What is Burnout?
Burnout is defined by the World Health Organization as “a syndrome conceptualized as resulting from chronic workplace stress that has not been successfully managed.” In the 1970s, psychologist Herbert Freudenberger was one of the first researchers to publish a paper in a psychology-related journal coining the term “burnout.” In his research, he characterized burnout by a set of symptoms that include exhaustion resulting from work’s excessive demands, as well as the resulting physical symptoms, such as headaches and sleeplessness, and “quickness to anger.” He also noted that the burned-out worker “looks, acts and seems depressed.”
Continued research on the topic has found that burnout can affect employees across all job functions and has the potential to have significant impacts on their health and well-being.
Burnout is On the Rise
Indeed, the giant job aggregator site, conducted a survey of U.S. workers to determine the level of burnout exhibited by different groups of people. The subjects were picked from various age groups, experience levels and industry sectors. This survey was then compared to their pre-pandemic survey from January of 2020. Listed below are a few highlights:
- Over half (52%) of survey respondents are experiencing burnout in 2021, which is up from the 43% last year.
- Millennials remain the most affected population, with 59% experiencing burnout today. However, Gen-Z is now neck and neck, with 58% reporting burnout. That is a 6% increase from last year for Millennials and an 11% increase for Gen-Zers.
- Baby Boomers show a 7% increase in burnout from pre-pandemic levels and Gen-Xers had a 14% jump.
- Of all the respondents, 80% believe Covid-19 had a negative impact on workplace burnout.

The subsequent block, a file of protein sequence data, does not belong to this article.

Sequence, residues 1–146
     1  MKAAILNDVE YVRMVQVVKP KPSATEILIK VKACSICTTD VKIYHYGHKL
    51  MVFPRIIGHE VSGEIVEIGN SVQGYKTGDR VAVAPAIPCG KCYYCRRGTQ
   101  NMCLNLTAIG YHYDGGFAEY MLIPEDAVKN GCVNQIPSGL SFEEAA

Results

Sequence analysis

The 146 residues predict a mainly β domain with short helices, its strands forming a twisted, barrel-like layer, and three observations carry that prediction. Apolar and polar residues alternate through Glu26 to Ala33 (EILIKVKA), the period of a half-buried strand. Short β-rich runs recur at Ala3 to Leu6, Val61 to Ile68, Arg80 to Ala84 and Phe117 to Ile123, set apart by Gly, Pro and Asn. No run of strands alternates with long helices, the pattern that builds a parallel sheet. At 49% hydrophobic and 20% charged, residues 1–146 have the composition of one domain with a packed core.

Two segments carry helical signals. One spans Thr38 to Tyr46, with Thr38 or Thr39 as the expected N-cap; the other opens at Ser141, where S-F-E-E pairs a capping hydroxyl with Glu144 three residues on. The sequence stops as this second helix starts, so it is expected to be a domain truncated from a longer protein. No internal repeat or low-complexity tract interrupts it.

How Employers Can Help
The rise in burnout levels over the past year can be contributed to the rapid transition to remote work, lack of boundaries, inability to disconnect and working longer hours. On the employer side, burnout is notoriously associated with costly business outcomes including declining employee health, reduced productivity, increased absenteeism and poor retention. But what can employers do to help stop the burnout cycle? Listed below are tips from Koa Health and Gallup.
1. Two-Way Communication
Open, two-way communication is one of the most effective tools at preventing burnout. Clearly outlining job roles and expectations alone can reduce a significant amount of a stress for employees. In addition, keep employees informed on upcoming organizational changes and be transparent about how those changes will affect them and their job roles. Making sure every voice is heard during meetings and acting on feedback or suggestions is a great way to show employees that they have your support.
2. Eliminate Roadblocks
Are there any tools, policies or equipment keeping an employee from completing their daily work? Removing roadblocks will increase efficiency and boost performance. In addition to eliminating what is holding them back, make sure to provide all the necessary tools and resources your employees may need to complete their job. Setting them up for success directly impacts their well-being and helps prevent burnout at work.
3. Make Well-Being Part of your Culture
As an organization, it is important to make well-being a priority in your culture and provide resources and benefits for employees to live healthier lives. Mental health benefits, such as meditation training and on-demand webinars and workshops like those provided by Health Designs, help employees recognize the signs of burnout and teach them ways to practice self-care to manage it.
4. Hold Frequent Check-Ins
Checking in frequently with your employees, one-on-one, is incredibly important so you can notice any signs or symptoms of burnout. This is especially true for your employees that are still working remotely. Talk about their goals, their progress, their roadblocks, and give feedback so they know where they stand. This is also a great opportunity to discuss employee development plans and career ladders, so employees know they have futures at your company.
5. Lead by Example
A culture that supports mental health and works to prevent burnout must start from the top. Beyond giving employees permission to prioritize their well-being, all company leaders must lead by example. That means prioritizing their own mental health, practicing work-life balance, and having candid conversations around mental health in the workplace. When leaders prioritize their mental health, they silently give their employees permission to do the same.